David Haynes column for Reel Life May 2017

  • 31/05/2017
  • Richie Cosgrove

From AGM'S to elections

Our Annual General Meeting is scheduled for 8 June in Rotorua.  We are grateful to Eastern Region Fish & Game for the use of their meeting rooms and encourage all our members to attend and submit remits. 

One of the many topics on this year’s agenda is the political landscape, and whilst the NZFFA is party apolitical, this does not exclude us from lobbying for policy change to protect and preserve our freshwater fisheries and ecosystems. 

Given we have a General Election this year the Federation will be discussing what messages it wishes to promote in terms of trout-friendly political party policies.

Just like the Council of Outdoor Recreation Associations of New Zealand (CORANZ), Federated Mountain Clubs, Fish & Game and Legasea, historically, the NZFFA has issued pre-election questionnaires to all political parties to gauge how well their policies support members’ interests. 

These are analysed, scored and presented as an aide to voting preferences. 

The effectiveness of this approach over the last decade at least is questionable given we have seen freshwater fisheries continue to degrade, our game animals still being labelled “pests”, public access becoming less secure, sea fishery species (such as gurnard and crayfish) collapse in some areas and Kiwis being displaced from iconic walks and rivers by increasing tourist numbers. 

We are also continually reminded by the populist media that duck hunting is barbaric, fishing is cruel and sporting firearms and armed criminals are equivalents.

Given the 700,000 people who go sea fishing at least once a year, 100,000 freshwater anglers and 242,000 registered firearms licence holders, you would think these potential ONE MILLION VOTES would be vigorously courted by all political parties, especially when we are given not one, but two votes under the MMP system. 

Well, political support for the outdoors is thin on the ground; United Future, due to its historical link with Zane and Stuart Mirfin’s Outdoors Recreation Party of 2002, is assumed by some to still represent outdoors interests yet the slightly urbane but very urban Peter Dunne is far from being an outdoorsman, in fact, one of his associates quipped that “Peter thinks the outdoors is where he parks his car”.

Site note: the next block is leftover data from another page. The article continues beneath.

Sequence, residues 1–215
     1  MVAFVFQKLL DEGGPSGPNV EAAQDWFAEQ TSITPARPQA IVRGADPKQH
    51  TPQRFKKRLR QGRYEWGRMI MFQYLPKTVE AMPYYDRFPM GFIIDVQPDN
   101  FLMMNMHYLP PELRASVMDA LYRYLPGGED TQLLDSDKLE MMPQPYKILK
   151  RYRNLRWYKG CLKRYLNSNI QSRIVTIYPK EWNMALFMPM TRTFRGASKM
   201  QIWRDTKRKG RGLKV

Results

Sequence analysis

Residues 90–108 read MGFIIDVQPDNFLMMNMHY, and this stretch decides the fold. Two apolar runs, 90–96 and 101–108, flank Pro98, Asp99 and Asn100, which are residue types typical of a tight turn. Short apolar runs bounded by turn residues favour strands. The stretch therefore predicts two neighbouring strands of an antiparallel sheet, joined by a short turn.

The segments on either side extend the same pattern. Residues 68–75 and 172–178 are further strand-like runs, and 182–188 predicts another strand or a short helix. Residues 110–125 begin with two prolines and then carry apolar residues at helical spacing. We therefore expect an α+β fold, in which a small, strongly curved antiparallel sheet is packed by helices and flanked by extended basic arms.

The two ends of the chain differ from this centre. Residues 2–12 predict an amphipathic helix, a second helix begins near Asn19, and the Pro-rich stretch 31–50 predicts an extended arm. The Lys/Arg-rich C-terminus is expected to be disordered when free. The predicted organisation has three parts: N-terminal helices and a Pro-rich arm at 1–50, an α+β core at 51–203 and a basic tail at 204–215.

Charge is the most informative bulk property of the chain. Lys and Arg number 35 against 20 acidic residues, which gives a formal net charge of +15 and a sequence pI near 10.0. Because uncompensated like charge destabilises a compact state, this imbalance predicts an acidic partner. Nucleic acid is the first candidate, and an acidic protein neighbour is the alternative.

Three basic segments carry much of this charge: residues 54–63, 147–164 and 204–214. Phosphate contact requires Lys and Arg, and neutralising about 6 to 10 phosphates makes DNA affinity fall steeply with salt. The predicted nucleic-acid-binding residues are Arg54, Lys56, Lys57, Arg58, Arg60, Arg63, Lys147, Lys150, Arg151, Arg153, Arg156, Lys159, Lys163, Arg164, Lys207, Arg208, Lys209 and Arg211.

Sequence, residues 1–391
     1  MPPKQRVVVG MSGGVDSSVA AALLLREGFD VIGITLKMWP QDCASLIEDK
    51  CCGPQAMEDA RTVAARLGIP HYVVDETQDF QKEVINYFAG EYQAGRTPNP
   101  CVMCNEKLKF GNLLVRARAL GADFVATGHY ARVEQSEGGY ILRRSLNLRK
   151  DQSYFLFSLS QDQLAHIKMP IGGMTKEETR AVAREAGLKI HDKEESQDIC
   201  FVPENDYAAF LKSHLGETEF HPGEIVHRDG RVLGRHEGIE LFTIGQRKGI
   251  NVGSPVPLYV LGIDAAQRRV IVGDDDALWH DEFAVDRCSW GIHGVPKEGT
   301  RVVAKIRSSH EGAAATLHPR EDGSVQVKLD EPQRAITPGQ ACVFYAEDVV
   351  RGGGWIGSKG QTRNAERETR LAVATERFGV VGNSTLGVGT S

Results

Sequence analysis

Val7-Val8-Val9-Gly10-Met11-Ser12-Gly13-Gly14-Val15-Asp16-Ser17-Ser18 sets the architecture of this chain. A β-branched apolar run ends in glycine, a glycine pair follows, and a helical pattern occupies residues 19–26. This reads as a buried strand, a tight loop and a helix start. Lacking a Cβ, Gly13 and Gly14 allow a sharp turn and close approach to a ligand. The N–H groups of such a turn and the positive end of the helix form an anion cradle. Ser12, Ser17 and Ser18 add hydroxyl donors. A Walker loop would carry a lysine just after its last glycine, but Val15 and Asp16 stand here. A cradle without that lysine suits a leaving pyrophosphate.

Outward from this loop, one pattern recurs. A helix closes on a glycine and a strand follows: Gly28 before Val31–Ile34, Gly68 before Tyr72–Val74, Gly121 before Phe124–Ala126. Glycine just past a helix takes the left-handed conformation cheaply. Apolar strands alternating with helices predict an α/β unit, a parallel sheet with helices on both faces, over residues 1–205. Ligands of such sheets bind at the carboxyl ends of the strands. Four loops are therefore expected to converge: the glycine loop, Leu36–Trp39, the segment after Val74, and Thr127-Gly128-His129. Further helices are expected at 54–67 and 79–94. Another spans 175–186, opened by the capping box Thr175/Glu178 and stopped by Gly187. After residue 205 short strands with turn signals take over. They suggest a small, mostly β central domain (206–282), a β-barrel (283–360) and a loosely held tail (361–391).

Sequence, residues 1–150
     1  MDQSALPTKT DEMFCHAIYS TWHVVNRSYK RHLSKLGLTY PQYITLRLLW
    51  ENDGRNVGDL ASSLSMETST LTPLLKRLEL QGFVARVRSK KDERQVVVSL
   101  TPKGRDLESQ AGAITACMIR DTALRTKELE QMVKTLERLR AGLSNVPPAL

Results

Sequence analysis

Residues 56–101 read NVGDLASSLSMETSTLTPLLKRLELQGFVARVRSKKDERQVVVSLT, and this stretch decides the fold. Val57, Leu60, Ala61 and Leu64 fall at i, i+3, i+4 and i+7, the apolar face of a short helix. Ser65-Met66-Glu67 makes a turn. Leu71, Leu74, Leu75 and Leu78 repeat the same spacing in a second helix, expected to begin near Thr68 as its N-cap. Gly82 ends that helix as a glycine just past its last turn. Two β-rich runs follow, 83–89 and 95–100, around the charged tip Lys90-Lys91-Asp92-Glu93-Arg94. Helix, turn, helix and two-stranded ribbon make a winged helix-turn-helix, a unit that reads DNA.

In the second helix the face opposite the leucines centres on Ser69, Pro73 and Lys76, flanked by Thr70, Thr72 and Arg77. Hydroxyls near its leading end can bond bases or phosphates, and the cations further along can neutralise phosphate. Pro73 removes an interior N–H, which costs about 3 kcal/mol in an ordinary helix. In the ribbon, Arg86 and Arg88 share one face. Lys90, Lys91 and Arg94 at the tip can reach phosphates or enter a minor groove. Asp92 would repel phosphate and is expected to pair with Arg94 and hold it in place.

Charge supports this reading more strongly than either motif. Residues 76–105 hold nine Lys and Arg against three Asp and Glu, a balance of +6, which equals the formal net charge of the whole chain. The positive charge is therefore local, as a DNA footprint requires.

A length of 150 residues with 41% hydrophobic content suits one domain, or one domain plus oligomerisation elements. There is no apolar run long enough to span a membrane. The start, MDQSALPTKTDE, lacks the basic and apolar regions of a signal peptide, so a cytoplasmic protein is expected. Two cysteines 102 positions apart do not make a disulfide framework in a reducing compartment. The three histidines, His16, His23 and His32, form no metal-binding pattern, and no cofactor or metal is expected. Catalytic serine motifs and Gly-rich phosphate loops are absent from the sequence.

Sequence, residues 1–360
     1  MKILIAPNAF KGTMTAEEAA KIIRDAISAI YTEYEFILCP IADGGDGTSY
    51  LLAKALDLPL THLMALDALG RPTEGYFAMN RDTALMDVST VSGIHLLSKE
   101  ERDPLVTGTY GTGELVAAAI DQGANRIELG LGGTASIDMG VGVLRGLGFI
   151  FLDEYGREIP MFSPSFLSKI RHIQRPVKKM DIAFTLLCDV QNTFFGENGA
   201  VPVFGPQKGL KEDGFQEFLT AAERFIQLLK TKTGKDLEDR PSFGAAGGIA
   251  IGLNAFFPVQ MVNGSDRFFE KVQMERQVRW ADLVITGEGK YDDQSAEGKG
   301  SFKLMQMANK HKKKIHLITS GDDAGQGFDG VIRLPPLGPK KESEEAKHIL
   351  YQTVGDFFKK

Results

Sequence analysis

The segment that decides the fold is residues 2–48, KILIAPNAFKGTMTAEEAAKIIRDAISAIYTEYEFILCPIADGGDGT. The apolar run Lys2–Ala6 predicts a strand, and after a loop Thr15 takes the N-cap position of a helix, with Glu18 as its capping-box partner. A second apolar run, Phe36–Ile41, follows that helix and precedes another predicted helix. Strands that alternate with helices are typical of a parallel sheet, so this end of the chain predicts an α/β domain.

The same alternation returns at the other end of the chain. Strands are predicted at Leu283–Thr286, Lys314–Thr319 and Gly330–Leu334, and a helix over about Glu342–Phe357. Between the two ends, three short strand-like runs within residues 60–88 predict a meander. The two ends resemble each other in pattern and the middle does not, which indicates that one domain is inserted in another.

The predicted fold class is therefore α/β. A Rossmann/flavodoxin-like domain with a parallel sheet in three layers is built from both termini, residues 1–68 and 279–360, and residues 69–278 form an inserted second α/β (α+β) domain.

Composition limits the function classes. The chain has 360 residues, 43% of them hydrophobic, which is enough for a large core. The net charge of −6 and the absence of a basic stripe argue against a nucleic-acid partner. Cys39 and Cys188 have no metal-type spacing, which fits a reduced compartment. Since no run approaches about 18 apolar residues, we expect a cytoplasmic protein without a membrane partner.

NZ First has some weighty outdoors policies, care of Richard Prosser, but these are not die-in-a-ditch issues for the leadership and suffer from realisation due to NZ First’s simple refusal to engage in negotiations (supply and confidence agreements) that leading parties have entered into since MMP was introduced in 1996 in order to form a workable majority Government. 

In addition the NZ First policy on freshwater is economic interests, such as irrigation, must prevail over environmental imperatives.

National, Labour and Greens have no outdoors policies, neither have ACT, Maori Party, Mana nor the Conservatives (do these politicians ever get outdoors?) which leaves just the little guys - Democrats for Social Credit, Ban1080, Gareth Morgan’s TOP and the NZ Outdoors Party. 

Ban1080 is single message, single issue but it is an outdoors issue, especially for game hunters. 

Democrats for Social Credit is an example of a great idea whose time has not yet come, although their environmental policy headlines are outdoors-friendly. 

Gareth Morgan has admitted to the press that if he does not win a seat in this election he will fold the party, lest his ego suffer further contusions. 

This leaves the Outdoors Party, which was founded to fight for outdoor interests. 

Given we have two votes, let’s hope the outdoors community uses them to benefit future generations’ right to enjoy what little we have left.

David Haynes, Acting President, New Zealand Federation of Freshwater Anglers

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